W2833 TO REV. THOMAS BAKER from Alexander Gordon
Aug 22 1840
To: Rev. Thomas Baker
My Dear Sir,
Your favour of the 19th has been duly received but I was not prepared for the response you have made me, in the valuable and edifying disclosure of my acquaintance Dr. Chalmers, for your too partial considerations of an obsolete ritual, which but for its antiquity and illuminations--age and art only, would long ago have perished with its kindred dust of the shelf. Chalmers is a man of Genius, amply displayed in his preaching writings and oratory, yet more considered as a highly imaginative philosopher than a deep theologian, also more speculative than practical. I regret that his extensive power and influence have been wasted on a needless contention with the civil authorities, and which has gained him neither credit or respect. Independent of his clerical merits, he will hereafter be viewed as a church-partisan.1 His pen however is a mine of riches, and worthy of all regards for the doctrines he inculcates.
I once read the volume you have honoured me with, and was so much pleased with it, that I intended a copy should be placed in the library, but it was omitted. You have most kindly supplied the deficiency, and it shall remain with me, both for its monition,2 and an interesting memorial of our acquaintance.
Since Sir Walter Scott departed, who while he lived was considered as the "Genius loci" of our ancient capital, I view Dr. Chalmers and Professor Wilson as his Successors to that rare distinction. We have men of more solid talent and profound learning than either, but there is a charm in the inventive and poetic faculties, which carries those I have alluded to quite out of the common road of literary fame.
That your health may soon be reestablished is an anxious desire, and on its compleat [sic] restoration I shall in conjunction with my family rejoice, in a participation of your ministerial labour, should they again recommence in our vicinity.
The weather at present is rather uncomfortably warm for pedestrian locomotion, yet the days are shortening and the night lengthening. I trust that as soon as the Atmosphere is more indulgent to a walk, we shall have the pleasure and gratification of seeing you Mrs. Baker and family to spend a portion of the day with us.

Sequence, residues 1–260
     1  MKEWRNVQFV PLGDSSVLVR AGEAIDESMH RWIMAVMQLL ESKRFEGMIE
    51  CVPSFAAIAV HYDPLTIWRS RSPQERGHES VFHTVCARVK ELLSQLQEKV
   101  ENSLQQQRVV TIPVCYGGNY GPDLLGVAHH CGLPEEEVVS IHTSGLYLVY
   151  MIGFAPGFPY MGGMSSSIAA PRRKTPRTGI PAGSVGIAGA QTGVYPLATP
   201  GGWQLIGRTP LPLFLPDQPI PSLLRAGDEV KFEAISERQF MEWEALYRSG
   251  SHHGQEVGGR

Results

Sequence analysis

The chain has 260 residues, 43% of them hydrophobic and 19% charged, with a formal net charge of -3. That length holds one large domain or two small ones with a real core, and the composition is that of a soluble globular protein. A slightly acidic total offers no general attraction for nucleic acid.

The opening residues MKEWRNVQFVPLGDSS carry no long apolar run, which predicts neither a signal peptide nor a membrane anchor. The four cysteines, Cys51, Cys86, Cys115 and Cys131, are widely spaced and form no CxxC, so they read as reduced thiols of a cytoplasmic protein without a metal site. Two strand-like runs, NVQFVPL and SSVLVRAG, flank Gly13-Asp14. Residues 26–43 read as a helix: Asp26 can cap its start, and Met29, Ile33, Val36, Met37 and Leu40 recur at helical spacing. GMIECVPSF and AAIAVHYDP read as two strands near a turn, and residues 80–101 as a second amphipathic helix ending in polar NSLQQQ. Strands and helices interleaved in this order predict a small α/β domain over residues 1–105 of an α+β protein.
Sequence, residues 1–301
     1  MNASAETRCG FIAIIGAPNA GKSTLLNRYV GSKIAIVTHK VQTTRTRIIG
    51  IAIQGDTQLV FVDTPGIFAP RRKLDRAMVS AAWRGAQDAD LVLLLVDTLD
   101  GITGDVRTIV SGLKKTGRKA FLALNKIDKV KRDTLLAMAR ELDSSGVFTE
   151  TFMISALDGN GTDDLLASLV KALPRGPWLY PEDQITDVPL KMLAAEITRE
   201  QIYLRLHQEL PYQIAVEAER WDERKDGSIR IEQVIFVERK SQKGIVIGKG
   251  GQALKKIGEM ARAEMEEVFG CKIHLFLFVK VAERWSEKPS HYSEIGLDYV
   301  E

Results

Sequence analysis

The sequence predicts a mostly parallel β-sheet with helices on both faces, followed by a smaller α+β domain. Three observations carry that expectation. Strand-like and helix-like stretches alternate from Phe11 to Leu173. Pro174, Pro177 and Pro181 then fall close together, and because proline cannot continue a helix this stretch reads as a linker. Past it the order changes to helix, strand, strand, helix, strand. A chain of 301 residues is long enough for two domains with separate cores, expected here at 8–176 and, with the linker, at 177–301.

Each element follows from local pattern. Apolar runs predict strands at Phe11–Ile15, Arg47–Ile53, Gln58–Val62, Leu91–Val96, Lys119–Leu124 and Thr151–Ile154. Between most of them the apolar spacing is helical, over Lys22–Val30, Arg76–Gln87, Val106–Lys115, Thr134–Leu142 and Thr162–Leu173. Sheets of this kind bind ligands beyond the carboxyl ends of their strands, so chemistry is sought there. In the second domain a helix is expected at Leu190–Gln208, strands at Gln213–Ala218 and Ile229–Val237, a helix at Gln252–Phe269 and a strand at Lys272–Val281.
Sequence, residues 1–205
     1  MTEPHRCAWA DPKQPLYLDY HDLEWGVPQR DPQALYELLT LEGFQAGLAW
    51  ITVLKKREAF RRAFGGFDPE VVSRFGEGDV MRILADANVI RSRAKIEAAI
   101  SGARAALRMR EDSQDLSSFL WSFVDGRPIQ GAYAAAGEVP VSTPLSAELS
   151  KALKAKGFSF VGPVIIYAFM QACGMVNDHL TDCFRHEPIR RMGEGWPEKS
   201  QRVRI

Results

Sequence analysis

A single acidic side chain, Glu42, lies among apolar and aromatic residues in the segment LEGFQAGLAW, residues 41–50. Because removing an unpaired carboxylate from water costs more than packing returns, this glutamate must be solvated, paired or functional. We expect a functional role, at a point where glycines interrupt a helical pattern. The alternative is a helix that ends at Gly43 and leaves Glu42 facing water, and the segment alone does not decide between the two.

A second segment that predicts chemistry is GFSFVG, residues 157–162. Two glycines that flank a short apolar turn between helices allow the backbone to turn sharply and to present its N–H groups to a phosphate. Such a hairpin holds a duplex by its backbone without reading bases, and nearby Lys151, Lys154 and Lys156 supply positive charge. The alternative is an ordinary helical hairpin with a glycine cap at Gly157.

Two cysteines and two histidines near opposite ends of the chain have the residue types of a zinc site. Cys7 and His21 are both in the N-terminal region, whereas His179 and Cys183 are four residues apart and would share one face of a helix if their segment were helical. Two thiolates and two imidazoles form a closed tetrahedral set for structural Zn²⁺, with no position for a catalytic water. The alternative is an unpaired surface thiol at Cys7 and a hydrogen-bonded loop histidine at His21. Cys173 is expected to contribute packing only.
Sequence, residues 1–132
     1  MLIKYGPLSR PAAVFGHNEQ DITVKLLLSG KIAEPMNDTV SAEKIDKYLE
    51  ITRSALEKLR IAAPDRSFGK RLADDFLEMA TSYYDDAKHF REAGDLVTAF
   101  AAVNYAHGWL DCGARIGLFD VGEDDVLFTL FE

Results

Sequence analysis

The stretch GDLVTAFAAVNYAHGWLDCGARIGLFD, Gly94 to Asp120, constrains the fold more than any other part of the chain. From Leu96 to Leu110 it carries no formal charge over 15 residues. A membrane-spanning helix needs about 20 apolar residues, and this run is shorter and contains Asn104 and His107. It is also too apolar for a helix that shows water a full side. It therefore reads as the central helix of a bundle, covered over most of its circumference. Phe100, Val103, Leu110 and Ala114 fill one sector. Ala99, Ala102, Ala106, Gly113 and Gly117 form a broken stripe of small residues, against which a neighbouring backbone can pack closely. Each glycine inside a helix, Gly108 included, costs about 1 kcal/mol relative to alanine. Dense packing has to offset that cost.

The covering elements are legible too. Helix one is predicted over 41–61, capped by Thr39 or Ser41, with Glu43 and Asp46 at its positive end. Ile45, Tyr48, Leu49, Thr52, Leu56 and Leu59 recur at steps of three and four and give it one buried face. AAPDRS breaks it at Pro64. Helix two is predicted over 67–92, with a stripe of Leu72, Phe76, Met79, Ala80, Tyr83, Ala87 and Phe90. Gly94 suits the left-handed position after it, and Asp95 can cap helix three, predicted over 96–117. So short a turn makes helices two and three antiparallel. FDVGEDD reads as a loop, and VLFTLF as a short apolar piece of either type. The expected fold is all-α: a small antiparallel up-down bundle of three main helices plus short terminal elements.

Mrs. Gordon joins me in best regards to Mrs. Baker yourself and daughter, and I remain most truly,
My Dear Sir,
1 Dr. Thomas Chalmers: "In 1841 the movement which ended in the Disruption was rapidly culminating, and Dr [Thomas] Chalmers found himself at the head of the party which stood for the principle that no minister shall be intruded into any parish contrary to the will of the congregation. [emphasis added] Cases of conflict between the church and the civil power arose in Auchterarder, Dunkeld and Marnoch, and when the courts made it clear that the church, in their opinion, held its temporalities on condition of rendering such obedience as the courts required, the church appealed to the government for relief. In January 1843 the government put a final and peremptory negative on the church's claims for spiritual independence. On May 18, 1843 470 clergymen withdrew from the general assembly and constituted themselves the Free Church of Scotland, with Dr Chalmers as moderator. He had prepared a sustentation fund scheme for the support of the seceding ministers, and this was at once put into successful operation. On May 20, 1847, immediately after his return from the House of Commons, where he had given evidence as to the refusal of sites for Free Churches by Scottish landowners, he was found dead in bed." http://en.wikipedia.org/wiki/Thomas_Chalmers